Darwin's avatar

@Nially_Bob – I have enjoyed the family stories but even with ancestry in common I have found that many of my relatives are people I don’t particularly want to be with. It is useful to know that my family is a blend of many different cultures and to have explored those cultures. That is probably the way that it helped me most in that it has made me open to the cultures of others.

However, other members of my family with the same ancestry as I have been known to discriminate against people from certain other cultures, including those who come from one of our ancestral ones. I believe that what you do with the knowledge of your ancestry (and what bits you deliberately overlook) is still more important than just knowing it or even honoring it. You need to honor the right of others to honor their own cultures, ancestral or modern.

Darwin's avatar

@YARNLADY – Why am I not surprised that you were one of those people, too?

Long live the King!

YARNLADY's avatar

@Darwin Your first link just goes to the top of this page, but I join you in your salute to the king. I was once Seneschal of Isles in CAID

Darwin's avatar

@YARNLADY Sorry – we didn’t have these computer thingies back then so I have some difficulties.

asmonet's avatar

@Nially_Bob: Personally, I find comments that play up or admit to the role of Devil’s Advocate extraordinarily tiresome.

It changes, assists and helps nothing save perhaps the occasional bit of piece of mind or closure to a question that stemmed from pure curiosity.

I need not honor my past, I am satisfied with knowing generally where I came from and what series of events led to my creation. I’d love to know more, but I’m happy with what I know.

Even if I did get more detailed than the knowledge I have now, it ain’t gonna be a fluffy pretty story. Family lore goes back to Austria and Germany, Nazis, a Pope who liked to kill people he had sex with in the Vatican, the Borgias, and Charlemagne.

Sure, it sounds exciting and I’m interested from a historical standpoint – who woulda thunk all of them woulda bumped uglies at some point to make me? So, I’m curious. How did all of those bits and pieces come together? Is all of it true? Or as some great-great-great-great-grand uncle having a bout of low self-esteem and made some stuff up to make himself seem important?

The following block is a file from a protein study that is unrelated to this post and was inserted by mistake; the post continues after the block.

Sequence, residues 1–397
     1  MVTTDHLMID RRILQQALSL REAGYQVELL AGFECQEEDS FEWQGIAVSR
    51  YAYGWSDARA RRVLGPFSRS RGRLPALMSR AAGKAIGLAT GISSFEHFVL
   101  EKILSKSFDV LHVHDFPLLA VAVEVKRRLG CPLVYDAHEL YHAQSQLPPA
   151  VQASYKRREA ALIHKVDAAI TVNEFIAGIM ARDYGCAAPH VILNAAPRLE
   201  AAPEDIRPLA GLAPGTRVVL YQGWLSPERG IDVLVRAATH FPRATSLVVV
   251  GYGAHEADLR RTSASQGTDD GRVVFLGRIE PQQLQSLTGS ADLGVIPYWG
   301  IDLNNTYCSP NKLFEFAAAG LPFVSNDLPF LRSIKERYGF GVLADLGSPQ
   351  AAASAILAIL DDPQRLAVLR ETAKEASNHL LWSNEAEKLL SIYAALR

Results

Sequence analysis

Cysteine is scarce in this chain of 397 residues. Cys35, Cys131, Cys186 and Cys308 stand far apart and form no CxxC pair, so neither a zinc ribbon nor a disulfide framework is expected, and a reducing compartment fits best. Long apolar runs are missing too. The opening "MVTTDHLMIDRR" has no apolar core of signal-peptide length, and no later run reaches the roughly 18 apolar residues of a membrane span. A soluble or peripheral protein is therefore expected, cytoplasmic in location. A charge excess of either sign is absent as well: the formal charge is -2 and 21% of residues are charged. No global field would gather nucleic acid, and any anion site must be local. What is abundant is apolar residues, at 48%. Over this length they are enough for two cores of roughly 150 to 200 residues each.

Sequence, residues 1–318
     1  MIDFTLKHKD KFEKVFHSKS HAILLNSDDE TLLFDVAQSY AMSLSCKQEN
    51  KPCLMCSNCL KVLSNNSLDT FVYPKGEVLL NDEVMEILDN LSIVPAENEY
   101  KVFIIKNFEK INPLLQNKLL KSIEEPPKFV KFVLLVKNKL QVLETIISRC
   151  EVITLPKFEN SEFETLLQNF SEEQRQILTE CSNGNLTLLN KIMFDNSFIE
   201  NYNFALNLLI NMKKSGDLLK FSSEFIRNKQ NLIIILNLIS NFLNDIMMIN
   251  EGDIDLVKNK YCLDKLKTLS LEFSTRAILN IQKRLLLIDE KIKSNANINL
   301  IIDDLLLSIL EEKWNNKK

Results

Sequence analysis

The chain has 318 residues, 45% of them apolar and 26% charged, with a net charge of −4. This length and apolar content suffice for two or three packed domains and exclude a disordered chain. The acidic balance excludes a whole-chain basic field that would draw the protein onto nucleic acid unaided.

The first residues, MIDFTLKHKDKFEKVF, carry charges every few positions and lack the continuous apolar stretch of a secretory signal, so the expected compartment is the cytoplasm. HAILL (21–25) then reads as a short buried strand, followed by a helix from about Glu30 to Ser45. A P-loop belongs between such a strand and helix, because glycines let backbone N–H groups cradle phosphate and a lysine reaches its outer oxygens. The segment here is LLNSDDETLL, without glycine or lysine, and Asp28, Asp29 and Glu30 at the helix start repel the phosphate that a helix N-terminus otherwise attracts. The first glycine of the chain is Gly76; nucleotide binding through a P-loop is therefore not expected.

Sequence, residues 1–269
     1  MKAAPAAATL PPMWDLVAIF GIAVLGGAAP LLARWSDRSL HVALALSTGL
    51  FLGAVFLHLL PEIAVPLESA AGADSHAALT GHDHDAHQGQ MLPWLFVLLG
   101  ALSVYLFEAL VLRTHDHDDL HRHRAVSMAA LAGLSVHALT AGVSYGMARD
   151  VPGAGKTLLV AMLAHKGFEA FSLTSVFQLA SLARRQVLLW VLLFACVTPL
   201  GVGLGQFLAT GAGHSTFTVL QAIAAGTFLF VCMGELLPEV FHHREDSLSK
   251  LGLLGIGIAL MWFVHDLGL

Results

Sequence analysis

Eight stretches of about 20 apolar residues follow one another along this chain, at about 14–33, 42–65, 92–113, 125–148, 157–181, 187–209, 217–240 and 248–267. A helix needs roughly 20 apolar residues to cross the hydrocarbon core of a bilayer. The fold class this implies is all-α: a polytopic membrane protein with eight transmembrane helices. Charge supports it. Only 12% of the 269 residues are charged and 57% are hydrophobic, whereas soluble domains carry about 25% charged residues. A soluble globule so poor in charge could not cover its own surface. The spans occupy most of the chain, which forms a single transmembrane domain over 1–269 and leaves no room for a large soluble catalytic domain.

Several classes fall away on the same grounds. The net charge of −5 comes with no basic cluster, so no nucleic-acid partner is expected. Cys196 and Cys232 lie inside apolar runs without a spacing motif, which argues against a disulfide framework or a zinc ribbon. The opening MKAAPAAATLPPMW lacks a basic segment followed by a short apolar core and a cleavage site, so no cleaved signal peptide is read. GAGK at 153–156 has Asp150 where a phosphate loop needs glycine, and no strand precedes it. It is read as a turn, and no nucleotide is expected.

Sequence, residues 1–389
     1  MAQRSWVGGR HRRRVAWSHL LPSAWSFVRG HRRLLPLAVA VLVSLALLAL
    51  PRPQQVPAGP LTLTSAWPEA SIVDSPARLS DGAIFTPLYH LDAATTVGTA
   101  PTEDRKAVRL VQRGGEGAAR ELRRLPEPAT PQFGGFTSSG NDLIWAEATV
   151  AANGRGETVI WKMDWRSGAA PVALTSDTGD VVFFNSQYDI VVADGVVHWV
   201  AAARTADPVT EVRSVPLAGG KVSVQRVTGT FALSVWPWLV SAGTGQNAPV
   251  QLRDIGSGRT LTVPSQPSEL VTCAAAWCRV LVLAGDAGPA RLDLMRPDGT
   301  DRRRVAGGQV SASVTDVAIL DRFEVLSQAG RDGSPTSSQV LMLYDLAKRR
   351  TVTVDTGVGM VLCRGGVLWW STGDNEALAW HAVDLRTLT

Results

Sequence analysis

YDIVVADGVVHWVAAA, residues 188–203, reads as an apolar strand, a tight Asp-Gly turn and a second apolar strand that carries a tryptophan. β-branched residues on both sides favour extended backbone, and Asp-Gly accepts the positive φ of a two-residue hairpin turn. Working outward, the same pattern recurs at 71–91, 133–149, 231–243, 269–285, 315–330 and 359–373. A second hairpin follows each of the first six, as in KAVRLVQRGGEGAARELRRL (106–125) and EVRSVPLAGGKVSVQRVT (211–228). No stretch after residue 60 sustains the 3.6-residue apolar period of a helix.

I don’t care if you don’t ‘honor’ your traditions and customs – whatever that means. I do care that you know who those things came from and why you exist. I always wonder, if you don’t care where you came from, how can you possibly care about your future? You don’t remember anyone, why should anyone remember you?

Nially_Bob's avatar

@asmonet In future I shall make certain to not admit it my friend. I play Devil’s advocate in an attempt to further pursue my curiosity as I despise (and am incredibly bored by) the thought that I would focus solely on one perspective in any given debate regardless of whether or not I agree with it. To state that its use can help nothing with the exception of closure makes a great many assumptions about a persons aim in a discussion. I feel the utilisation of such a technique can assist people to learn far more than if a debate were to simply involve two conflicting opinions. I sincerely apologise if this offends or aggrivates you (and shall take precautions to make sure such doesn’t occur in the future) but I fear this is simply how I approach matters within a discussion.
Moving along, I can understand and sympathise with the situation you describe regarding your ancestory. My family line, from what I know of it, has involved many murders and gruesome battles that took place in Ireland. Few with a reasonable justification.
A person can ‘honour’ their traditions and customs in many ways which vary from culture to culture. Ceremonies, events, special days (i.e. veterans day) etc.
One concept that does leave me wondering and you have made mention of is when people describe “understanding where you came from” as it occurs to me that I came from my parents efforts, my sibling relationships, even my friends who developed my personality but in no way from an ancestor I do not know nor have ever met. How is remembering this person “remembering where I came from”? I can learn from them just as I can any other person from the past, but do they play any special significance in my life? Surely learning from all humans of the past is “remembering where I came from” or perhaps this is what many mean by the statement.
In answer to your concluding statement, people should remember you because you did something of greater significance than most others. Otherwise it’s likely you will become another remnant of history.

YARNLADY's avatar

@Nially_Bob I have a comment on one of your questions. I’ve been told that I speak with an Oklahoma-type accent, yet I’ve never been there. My Great Grandmother lived there; my Grandfather, and my Mother were born there, but they moved to Colorado when Mom was only 12 years old. There is some residual influence that comes down through the language and culture of your ancestors, even when you haven’t noticed it.